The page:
fibrosity, and large-volume cases. A photothermal effect explains the effects of LAL on
tissue, regardless of the wavelength used. Advantages of LAL include reduced bruising,
edema, pain, and recovery time. Disadvantages are most often related to thermal effects on
tissue, such as skin blistering. Currently, 3 wavelengths, 980, 1064, and 1320 nm, are Food
and Drug Administration-approved for LAL. Comparative studies examining the safety and
efficacy of LAL have appeared in the medical literature. Technical considerations, emerging
technology, and future indications are important to the success and continued development
of this procedure.
Semin Cutan Med Surg 28:212-219 © 2009 Elsevier Inc. All rights reserved.


Laser-Assisted Liposuction for Facial and Body Contouring and Tissue Tightening: A 2-Year Experience With 75 Consecutive Patients

Ana Tevez, RN | Gordon H. Sasaki, MD, FACS

Internal liposuction remains the standard and most reliable method to remove fat and
contour the face and body. The recent introduction (2006 FDA clearance) of a higher and
more controlled energized internal laser system is purported to increase tissue contraction
and damage unwanted fat deposits through dual 1064 nm/1320-nm wavelengths that are
initially used at a deep level of subcutaneous fat, and subsequently at a shallow level
beneath the dermis along with liposuction. Using classical principles of selective photothermolysis,
the sequential exposure of these wavelengths on target tissue chromophores
results in selective thermo-lipolysis and thermo-denaturation of collagen fibers (H2O)
within the septal architecture and lower reticular dermis for enhanced skin retraction
(accommodation) and contraction. This article reviews this innovative laser system, discusses
the latest clinical protocol changes, tabulates the measurements of time and energy
during each phase of treatment and temperature endpoints, and correlates the histologic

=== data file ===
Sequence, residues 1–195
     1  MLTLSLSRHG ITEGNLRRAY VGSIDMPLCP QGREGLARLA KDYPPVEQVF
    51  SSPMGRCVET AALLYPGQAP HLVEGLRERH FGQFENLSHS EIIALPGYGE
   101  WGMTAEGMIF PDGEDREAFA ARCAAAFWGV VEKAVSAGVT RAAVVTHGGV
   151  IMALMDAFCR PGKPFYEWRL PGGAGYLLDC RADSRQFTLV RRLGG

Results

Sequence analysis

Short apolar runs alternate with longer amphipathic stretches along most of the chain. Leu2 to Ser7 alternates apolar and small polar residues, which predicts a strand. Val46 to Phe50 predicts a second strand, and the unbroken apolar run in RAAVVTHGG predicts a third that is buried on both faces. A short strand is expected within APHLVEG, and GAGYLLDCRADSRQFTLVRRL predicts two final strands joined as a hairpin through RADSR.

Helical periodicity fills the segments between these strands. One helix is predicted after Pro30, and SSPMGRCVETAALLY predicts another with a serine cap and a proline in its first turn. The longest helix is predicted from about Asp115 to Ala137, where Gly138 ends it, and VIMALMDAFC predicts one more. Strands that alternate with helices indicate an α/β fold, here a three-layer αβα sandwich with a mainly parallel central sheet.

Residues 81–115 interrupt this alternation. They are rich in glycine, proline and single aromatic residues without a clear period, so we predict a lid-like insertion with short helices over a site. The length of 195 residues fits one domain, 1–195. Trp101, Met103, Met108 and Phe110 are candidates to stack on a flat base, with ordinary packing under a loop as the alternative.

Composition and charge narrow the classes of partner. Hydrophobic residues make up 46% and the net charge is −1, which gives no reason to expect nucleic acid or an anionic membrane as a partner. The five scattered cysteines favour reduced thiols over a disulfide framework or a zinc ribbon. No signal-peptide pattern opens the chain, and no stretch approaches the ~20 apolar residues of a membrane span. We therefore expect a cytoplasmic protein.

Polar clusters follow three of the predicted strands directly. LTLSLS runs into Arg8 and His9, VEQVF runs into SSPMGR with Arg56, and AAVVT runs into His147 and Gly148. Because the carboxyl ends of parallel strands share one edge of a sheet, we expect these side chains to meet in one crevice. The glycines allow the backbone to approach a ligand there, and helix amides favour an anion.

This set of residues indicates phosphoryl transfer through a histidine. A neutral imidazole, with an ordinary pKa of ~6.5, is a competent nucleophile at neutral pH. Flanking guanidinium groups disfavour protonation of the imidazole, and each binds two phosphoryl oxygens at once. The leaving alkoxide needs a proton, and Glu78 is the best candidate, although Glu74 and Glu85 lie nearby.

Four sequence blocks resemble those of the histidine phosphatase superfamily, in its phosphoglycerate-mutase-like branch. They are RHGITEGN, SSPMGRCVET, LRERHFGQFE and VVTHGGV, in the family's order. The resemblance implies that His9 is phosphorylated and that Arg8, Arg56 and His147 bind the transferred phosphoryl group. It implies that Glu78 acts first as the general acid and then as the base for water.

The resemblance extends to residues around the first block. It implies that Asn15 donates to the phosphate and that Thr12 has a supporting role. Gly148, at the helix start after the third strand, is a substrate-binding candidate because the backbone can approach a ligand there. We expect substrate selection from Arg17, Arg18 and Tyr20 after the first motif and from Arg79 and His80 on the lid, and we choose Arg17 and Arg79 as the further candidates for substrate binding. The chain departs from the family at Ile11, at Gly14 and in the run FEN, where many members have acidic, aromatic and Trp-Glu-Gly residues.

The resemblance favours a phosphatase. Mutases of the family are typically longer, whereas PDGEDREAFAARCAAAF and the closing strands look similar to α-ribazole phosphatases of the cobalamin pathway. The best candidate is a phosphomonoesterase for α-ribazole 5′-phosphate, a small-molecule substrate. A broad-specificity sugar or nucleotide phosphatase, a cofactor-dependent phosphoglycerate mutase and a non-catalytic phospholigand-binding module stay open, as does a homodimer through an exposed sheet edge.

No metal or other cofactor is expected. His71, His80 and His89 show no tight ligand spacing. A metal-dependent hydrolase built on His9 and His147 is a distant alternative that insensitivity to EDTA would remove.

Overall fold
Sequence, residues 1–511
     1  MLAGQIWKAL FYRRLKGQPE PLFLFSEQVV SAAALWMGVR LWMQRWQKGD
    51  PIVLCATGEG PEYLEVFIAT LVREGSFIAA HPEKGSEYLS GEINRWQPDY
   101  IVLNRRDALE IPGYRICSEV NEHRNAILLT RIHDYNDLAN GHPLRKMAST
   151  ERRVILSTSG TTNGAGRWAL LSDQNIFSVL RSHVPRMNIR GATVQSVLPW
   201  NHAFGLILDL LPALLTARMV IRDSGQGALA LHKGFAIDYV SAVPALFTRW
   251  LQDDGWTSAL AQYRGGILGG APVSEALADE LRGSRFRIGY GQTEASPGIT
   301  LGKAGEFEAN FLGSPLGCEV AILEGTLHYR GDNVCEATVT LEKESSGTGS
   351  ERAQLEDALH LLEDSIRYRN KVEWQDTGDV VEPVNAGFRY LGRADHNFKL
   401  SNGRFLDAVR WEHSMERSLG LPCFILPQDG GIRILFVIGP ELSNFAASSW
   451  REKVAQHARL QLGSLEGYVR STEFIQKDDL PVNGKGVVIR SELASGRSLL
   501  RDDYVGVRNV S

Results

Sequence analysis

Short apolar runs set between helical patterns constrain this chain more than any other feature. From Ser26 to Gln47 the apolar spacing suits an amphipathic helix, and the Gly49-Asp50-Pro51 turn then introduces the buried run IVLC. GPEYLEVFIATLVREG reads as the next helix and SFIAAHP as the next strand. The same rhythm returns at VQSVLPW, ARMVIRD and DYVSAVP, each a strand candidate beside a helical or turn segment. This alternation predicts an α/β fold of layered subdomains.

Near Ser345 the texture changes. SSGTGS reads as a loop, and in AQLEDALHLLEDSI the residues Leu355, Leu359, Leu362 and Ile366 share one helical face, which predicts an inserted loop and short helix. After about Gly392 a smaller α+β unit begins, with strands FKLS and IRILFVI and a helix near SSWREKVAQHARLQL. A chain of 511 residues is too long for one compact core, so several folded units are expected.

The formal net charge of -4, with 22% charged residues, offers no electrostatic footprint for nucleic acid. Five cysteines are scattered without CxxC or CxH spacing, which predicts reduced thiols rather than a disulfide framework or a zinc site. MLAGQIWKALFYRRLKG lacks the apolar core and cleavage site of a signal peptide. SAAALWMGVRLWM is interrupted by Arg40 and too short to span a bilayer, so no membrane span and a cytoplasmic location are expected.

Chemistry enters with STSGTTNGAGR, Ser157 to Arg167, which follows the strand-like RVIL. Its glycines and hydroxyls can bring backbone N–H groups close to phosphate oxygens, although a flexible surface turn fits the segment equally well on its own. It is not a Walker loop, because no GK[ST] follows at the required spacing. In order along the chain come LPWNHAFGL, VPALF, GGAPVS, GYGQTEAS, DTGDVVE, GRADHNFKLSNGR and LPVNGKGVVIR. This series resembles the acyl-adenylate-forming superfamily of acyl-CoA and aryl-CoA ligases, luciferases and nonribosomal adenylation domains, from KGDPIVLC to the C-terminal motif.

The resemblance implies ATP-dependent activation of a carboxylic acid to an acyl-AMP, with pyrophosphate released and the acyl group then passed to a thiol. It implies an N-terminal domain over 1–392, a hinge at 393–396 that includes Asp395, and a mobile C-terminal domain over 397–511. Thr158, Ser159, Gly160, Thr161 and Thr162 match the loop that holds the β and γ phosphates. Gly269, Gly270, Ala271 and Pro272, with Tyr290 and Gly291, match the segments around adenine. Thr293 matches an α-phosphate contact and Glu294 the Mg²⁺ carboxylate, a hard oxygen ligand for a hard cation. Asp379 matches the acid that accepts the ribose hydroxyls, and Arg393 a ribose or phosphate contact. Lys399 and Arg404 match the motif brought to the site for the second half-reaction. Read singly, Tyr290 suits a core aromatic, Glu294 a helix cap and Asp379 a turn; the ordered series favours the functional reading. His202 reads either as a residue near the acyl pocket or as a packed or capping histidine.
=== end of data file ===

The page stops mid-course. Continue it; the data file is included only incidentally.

findings to energy deposition. The collected objective data are used to improve on the
safety and efficacy treatment profiles at 11 sites in 75 consecutive patients. Further clinical
studies and comparative trials are recommended to validate these outcomes.
Semin Cutan Med Surg 28:226-235 © 2009 Elsevier Inc. All rights reserved.


Radiofrequency Devices for Body Shaping: A Review and Study of 12 Patients

Anne M. Chapas, MD | Lori A. Brightman, MD | Robert Anolik, MD | Roy G Geronemus, MD

Radiofrequency (RF) devices such as ThermaCool TC (Solta Medical Inc., Hayward, CA)
offer a nonablative and noninvasive treatment option for unwanted skin concerns of the
head, neck, and body. Relatively fewer studies address RF treatment on the body when
compared with the head and neck. The purpose of this report is to investigate the use of the
ThermaCool TC system with the novel Thermage Multiplex Tip for the enhancement of body
shape. Additionally, this report will review the literature of RF technology with a concentration
on body shaping. Twelve subjects underwent ThermaCool TC treatments using the
Thermage Multiplex Tip. Waist circumference, standardized photographs, skin laxity score,
global aesthetic improvement score, and patient satisfaction surveys were assessed at
baseline and several follow-up visits after treatment. Average waist circumference and skin
laxity scores decreased after ThermaCool TC treatment, using the Thermage Multiplex Tip
at follow-up visits held at 1, 2, 4, and 6 months after treatment. Global aesthetic improvement
score and patient satisfaction surveys reflected these objective clinical improvements.
RF devices, such as the ThermaCool TC offer a nonablative and noninvasive
treatment option for unwanted skin findings of the head, neck, and body.
Semin Cutan Med Surg 28:236-243 © 2009 Elsevier Inc. All rights reserved.